Buying a house is a big step, and a big commitment. Chances are you will be paying it off for a long time, and it will be the place you spend the rest of your life. But finding the money to get the home you want can be difficult. You want to make the monthly repayments as easy as possible while getting the home you actually want. This guide is full of tips you can use to get the home you want. Read on for all the details.
Show any other forms of income
Your lender will look at your income to determine how much they think you can afford to pay back in a mortgage, so in order to assure them that you can afford your repayments, and then some, you have to show them evidence of any income you have, not just your 9-5.
For example, if you were to look at a house, apartment or condo for sale such as the luxurious Icon apartments and it was a little outside of your budget, you could approach your lender with alternative sources of income to convince them to extend your borrowing power. This can include additional places you hadn’t considered important, like dividends from investments or profits from rental properties. You can also show the bank your alimony payments and child support, your social security income, and any money you’ve earned from a side business or a part-time job. The one stipulation from the latter two options is that you have to have been earning from your side business or part-time job regularly for the past two years.
If you have any additional assets, you can also present them to your lender for a bigger loan. You probably don’t need cash reserves to qualify for your loan, and may well have been told that, but additional assets in the bank or elsewhere can convince your lender that you can handle any unplanned expenses or “rainy days” that might occur without it affecting your mortgage payments. If you have no plans for the money, it can serve this purpose as extra backing for your mortgage payments, or you can put it towards your down payment.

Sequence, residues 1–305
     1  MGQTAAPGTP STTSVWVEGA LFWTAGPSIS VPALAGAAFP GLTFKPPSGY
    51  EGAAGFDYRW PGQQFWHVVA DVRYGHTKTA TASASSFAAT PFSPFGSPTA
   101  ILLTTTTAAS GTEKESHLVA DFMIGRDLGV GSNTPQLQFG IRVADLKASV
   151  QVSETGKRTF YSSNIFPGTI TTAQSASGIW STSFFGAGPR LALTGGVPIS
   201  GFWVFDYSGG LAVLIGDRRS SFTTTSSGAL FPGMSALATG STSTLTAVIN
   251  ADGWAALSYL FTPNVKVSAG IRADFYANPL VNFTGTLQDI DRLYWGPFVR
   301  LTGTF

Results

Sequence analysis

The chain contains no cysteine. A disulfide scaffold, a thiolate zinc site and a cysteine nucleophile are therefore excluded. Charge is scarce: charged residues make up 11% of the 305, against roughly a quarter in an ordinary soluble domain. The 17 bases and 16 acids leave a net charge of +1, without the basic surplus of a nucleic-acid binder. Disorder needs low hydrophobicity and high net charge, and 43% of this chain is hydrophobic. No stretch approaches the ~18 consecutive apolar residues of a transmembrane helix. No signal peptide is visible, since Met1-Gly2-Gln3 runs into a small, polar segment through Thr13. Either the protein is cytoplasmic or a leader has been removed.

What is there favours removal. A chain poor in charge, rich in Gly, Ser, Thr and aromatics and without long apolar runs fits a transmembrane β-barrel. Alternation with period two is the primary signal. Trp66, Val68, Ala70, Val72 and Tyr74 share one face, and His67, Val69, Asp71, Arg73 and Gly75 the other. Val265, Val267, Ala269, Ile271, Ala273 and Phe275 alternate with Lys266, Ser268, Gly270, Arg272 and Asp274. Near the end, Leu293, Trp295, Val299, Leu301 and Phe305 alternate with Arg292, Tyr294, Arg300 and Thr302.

Pay as much as you can up front
If you are more interested in lowering your monthly repayments, you should think about how much you can pay up front. The more you put up front, the less you will have to pay over time, reducing your monthly payments. If you have the money available, a big deposit can take a good chunk out of your mortgage.
There is also the PMI to think about. PMI, or Private Mortgage Insurance, is designed to ensure that the lender is protected, should you stop paying your mortgage – and it is mandatory with a down payment of less than 20% of the value of your home. If you have the 20% you can forgo the insurance, which is added to your monthly repayments, and suffer a less hefty bill month to month. Plus, a down payment of more than the recommended 20% will gain you a lower rate of interest, making the monthly repayments even easier.
Wipe your debt
The first thing your lender is going to look at, after your income, is your DTI, or your debt-to-income ratio. This comes down to a percentage of your money that you are dedicating to your minimum monthly debt repayments. Some are willing to go higher, but typically lenders prefer your DTI to be under 36%.
If you have any debt sitting in your accounts, you can reduce or wipe them out to persuade your lender that you have no prior commitments and will focus only on repaying your mortgage. If you have the cash available, your best option would be to pay back any leftover debt, but you can also reduce your debt with a balance transfer card or refinance a vehicle loan to lower your payments.
Even if you can’t fully wipe everything in one go, it is recommended that you pay more than the minimum required to get it paid off as quickly as possible, as interest can build over time.
Add a co-borrower
A move that will drastically cut your monthly repayments, is to split the mortgage with a co-borrower. It will add an extra income covering the covering the mortgage repayments, convincing your lender that you deserve a bigger loan, since the total income to pay back with will increase.
However, your co-borrower should go into this knowing that they’re not just doing you a favor. A co-borrower will have their name on the property, and therefore are responsible for it, and will have to split the finances with you.
But you aren’t limited to getting married for the sake of a house. Co-borrowers can be spouses, domestic partners, friends, or relatives, so you have options on your potential roommate.